Judge overturns Shelton ‘speakeasy’ decision
A judge has overturned the Shelton Planning & Zoning Commission’s rejection of a self-described “speakeasy” off Bridgeport Avenue.
The planned business had been the subject of fervent online speculation since becoming public in October 2017. An initial description including references to “burlesque” performances riled residents who worried that it would be a gentlemen’s club by another name.
An application from the business’ owner, Randi-Lee England, said the bar, to be called “Hush,” would operate as a speakeasy — a trend in the bar business hearkening back to the days of Prohibition in the Roaring ’20s — complete with waitresses dressed as “flapper girls.”
In court documents, the commission cited the “secretive” nature of the business to support its unanimous December 2017 rejection of a certificate of zoning compliance for it to open on the first floor of 303 Old Bridgeport Ave., under the former location of Hunan Pan restaurant.
But in a 12-page decision issued Wednesday, Judge Trial Referee Arthur Hiller said the commission’s decision wasn’t rooted in its own regulations.
“The commission has failed to identify any specific requirements contained in the regulations that directly and/or indirectly apply to the plaintiff’s proposed use of the property,” Hiller wrote.
“The commission, therefore, erred in finding that a speakeasy theme café was not a permitted use because there was not substantial evidence in the record to reach this conclusion,” the judge went on. “Accordingly, the commission’s denial of the plaintiff’s application for a certificate of zoning compliance was in error and is hereby reversed.”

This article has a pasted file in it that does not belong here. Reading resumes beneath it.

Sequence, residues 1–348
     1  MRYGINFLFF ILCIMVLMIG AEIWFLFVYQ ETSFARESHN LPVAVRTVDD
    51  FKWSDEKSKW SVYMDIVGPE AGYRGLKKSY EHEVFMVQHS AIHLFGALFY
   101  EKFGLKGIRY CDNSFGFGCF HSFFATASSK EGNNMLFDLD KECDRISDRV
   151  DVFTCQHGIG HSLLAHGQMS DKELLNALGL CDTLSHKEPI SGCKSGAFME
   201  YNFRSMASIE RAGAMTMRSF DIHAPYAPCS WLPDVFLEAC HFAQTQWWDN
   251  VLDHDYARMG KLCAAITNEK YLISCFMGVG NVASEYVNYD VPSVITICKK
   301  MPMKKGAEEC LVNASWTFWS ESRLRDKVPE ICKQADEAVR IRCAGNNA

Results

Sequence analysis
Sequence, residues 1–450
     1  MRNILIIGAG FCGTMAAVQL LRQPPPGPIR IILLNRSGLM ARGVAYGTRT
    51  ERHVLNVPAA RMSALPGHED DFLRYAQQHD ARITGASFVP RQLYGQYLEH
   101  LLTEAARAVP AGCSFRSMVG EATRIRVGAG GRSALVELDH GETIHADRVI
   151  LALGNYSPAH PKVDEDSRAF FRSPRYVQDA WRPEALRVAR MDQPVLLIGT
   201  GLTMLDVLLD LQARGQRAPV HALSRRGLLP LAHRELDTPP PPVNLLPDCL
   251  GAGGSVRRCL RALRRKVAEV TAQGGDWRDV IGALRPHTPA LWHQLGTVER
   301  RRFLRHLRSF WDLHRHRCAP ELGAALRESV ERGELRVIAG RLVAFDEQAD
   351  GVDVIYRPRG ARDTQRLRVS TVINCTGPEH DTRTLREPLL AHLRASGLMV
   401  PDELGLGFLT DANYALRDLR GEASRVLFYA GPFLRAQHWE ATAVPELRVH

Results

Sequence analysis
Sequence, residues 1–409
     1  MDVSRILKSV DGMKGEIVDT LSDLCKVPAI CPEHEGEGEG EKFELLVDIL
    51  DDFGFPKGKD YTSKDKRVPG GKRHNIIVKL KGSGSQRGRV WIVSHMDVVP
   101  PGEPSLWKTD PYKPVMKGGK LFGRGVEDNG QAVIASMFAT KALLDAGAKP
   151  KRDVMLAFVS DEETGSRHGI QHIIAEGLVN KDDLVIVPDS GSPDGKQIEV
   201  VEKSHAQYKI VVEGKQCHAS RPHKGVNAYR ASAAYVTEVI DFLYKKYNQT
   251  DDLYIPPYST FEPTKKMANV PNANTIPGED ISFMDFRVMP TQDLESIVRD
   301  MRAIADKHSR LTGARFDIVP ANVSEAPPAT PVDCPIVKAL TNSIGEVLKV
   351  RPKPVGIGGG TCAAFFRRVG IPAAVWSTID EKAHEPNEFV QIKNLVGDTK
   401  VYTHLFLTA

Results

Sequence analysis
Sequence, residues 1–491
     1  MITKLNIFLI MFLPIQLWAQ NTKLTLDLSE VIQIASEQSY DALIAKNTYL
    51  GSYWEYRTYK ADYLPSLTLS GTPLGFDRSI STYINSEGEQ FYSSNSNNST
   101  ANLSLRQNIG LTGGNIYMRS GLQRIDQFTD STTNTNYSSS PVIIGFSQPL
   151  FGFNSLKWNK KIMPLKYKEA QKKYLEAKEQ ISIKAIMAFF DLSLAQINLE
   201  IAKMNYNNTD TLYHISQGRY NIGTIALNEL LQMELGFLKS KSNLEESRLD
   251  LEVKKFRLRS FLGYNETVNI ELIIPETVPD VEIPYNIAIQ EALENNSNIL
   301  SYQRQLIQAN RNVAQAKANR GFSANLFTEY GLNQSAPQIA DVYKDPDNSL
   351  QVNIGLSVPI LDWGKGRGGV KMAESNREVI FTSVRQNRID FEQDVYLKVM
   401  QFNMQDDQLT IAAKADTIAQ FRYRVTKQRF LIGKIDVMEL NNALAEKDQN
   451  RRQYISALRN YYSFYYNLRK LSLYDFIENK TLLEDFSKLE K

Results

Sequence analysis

The commission had based its ruling in part on a letter from the city’s fire marshal saying the business didn’t have adequate parking. But the judge said the zoners didn’t provide a formula for determining how much parking the business would need and ordered the commission to do so.
“The court is not persuaded by the commission’s argument that the fire marshal’s decision was guided by the regulations,” Hiller wrote.
It’s unclear whether the commission will seek to appeal the judge’s decision.
The commission’s lawyer, Francis Teodosio, declined to comment on the ruling Thursday, saying he needed to consult with the commission first.
Virginia Harger, chairwoman of the commission, said she was disappointed with the decision, but that the next steps remain to be seen.
“I expect the entire PZC will meet with corporation counsel to review the judge’s findings and to determine a future course of action,” she said.
Jonathan Klein, a lawyer representing England, said he was pleased with the judge’s decision.
“I’m hoping that at this point the city will be willing to work out the parking requirements and give us the certificate of zoning compliance so we can move ahead,” Klein said.
During a hearing in the case in March, England said she was paying $2,500 a month rent for the space. In court documents, she said she had sunk more than $100,000 into the business.
City officials initially signed off on the business — which allowed it to obtain a liquor license — before the public outcry.
The PZC’s 2017 rejection was applauded by a standing room only crowd, many of whom had signed a petition of more than 240 names opposing the business.
England appealed the decision in January 2018, saying the commission’s decision was arbitrary, and that the public outcry had led the commission’s members to make up their minds before hearing the evidence.
“It is transparently evident that the outcome of the hearing was predetermined,” Klein wrote. “The ‘fix was in.’ ”